A Controlled Field Experiment on Corruption

European Economic Review, 55(8), p. 1072-1082. DOI: 10.1016/j.euroecorev.2011.04.007

Posted: 17 Jul 2014

See all articles by Amadou Boly

Amadou Boly

African Development Bank

Olivier Armantier

Federal Reserve Bank of New York

Date Written: 2011

Abstract

This paper reports on a controlled field experiment on corruption designed to address two important issues: the experimenter's scrutiny and the unobservability of corruption. In the experiment, a grader is offered a bribe along with a demand for a better grade. We find that graders respond more favorably to bigger bribes, while the effect of higher wages is ambiguous: it lowers the bribe's acceptance, but it fosters reciprocation. Monitoring and punishment can deter corruption, but we cannot reject that it may also crowd-out intrinsic motivations for honesty when intensified. Finally, our results suggest several micro-determinants of corruption including age, ability, religiosity, but not gender.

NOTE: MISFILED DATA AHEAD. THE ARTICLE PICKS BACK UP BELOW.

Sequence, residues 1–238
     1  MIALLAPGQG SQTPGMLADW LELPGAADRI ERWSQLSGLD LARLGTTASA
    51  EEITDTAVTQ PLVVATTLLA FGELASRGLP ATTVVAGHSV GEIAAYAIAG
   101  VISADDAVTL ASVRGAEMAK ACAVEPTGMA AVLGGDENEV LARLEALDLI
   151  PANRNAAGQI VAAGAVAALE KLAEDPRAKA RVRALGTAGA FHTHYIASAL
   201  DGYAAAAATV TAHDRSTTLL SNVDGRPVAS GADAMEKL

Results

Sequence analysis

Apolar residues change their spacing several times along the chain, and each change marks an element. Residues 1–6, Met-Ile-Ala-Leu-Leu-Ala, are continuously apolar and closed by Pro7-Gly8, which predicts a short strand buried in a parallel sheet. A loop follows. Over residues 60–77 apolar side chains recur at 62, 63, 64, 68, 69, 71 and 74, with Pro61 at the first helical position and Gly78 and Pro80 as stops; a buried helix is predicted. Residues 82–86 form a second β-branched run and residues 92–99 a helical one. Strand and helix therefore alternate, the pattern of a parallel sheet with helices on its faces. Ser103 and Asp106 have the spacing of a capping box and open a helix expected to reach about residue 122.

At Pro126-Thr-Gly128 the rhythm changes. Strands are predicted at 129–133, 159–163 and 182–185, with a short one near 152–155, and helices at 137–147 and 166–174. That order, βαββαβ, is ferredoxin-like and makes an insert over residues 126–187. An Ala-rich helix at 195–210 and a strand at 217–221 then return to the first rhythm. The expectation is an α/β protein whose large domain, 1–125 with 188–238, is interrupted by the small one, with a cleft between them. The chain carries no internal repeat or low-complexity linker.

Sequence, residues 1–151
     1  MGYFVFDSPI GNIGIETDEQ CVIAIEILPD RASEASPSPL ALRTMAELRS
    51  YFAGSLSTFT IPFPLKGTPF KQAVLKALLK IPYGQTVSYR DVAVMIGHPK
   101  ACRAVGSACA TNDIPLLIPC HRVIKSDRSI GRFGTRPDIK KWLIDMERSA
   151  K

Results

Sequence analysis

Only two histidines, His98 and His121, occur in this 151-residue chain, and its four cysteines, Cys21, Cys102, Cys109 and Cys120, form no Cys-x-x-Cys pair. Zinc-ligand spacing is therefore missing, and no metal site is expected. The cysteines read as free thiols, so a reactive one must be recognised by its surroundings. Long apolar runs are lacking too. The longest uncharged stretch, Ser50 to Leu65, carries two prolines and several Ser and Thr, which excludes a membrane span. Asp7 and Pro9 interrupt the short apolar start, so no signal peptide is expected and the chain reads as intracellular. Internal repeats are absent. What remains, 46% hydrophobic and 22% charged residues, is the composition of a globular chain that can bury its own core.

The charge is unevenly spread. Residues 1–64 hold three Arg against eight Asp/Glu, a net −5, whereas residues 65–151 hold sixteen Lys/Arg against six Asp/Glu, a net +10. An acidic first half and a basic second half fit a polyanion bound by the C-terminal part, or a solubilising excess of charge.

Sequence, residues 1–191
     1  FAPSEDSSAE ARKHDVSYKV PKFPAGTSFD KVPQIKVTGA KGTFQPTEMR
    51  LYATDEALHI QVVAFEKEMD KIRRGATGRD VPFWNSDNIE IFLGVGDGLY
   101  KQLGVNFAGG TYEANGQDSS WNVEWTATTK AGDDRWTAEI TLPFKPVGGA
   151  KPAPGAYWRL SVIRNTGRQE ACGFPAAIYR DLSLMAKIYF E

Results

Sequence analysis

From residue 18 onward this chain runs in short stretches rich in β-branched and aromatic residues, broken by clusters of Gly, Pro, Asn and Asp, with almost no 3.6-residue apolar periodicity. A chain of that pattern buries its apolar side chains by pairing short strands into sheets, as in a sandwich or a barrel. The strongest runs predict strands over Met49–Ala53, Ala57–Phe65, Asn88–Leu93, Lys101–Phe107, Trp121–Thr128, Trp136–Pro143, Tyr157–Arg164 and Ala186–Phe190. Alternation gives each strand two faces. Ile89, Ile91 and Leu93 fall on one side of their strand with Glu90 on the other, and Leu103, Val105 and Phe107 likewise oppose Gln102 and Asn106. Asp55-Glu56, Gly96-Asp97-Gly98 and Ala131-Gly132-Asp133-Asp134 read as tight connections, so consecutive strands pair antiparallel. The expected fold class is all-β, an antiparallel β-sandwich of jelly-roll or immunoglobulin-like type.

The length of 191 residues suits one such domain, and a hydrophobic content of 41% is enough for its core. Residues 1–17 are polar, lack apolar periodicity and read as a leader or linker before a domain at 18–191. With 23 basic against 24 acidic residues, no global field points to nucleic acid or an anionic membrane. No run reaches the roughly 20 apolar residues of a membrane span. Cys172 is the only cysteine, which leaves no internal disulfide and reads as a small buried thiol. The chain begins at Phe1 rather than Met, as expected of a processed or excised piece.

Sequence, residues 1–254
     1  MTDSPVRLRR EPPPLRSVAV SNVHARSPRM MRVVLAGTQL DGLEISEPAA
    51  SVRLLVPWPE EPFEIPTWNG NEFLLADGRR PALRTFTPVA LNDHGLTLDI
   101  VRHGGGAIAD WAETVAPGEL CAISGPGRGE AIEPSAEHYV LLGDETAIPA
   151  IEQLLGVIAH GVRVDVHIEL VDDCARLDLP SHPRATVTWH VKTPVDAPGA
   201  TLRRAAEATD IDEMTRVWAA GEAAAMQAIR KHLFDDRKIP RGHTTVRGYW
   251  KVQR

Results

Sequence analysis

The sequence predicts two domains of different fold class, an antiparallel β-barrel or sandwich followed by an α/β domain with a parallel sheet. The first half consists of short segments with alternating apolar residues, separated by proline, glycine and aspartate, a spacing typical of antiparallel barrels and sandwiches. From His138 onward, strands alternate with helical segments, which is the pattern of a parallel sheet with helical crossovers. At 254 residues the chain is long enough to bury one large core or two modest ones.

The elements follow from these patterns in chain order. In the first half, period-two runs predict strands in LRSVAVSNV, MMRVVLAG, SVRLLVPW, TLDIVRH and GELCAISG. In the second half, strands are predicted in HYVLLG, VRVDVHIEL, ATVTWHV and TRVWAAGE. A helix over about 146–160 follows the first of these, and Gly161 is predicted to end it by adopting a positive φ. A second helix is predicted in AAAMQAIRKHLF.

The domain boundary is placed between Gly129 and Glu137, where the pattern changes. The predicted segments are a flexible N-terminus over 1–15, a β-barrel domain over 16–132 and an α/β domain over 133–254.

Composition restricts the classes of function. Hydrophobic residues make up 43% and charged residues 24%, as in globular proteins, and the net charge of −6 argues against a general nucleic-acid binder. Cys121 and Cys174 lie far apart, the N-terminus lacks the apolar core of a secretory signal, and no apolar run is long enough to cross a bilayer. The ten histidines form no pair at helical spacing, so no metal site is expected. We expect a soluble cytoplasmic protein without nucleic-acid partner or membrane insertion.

Keywords: Corruption, Experimental economics, Field experiments

JEL Classification: C91, C93, D73, I20

Suggested Citation

Boly, Amadou and Armantier, Olivier, A Controlled Field Experiment on Corruption (2011). European Economic Review, 55(8), p. 1072-1082. DOI: 10.1016/j.euroecorev.2011.04.007. Available at SSRN: https://ssrn.com/abstract=2466849

Amadou Boly (Contact Author)

African Development Bank ( email )

Rue Joseph Anoma
Abidjan, Ivory Coast 01 BP 1387
Ivory Coast (Cote D'ivoire)

Olivier Armantier

Federal Reserve Bank of New York ( email )

33 Liberty Street
New York, NY 10045
United States

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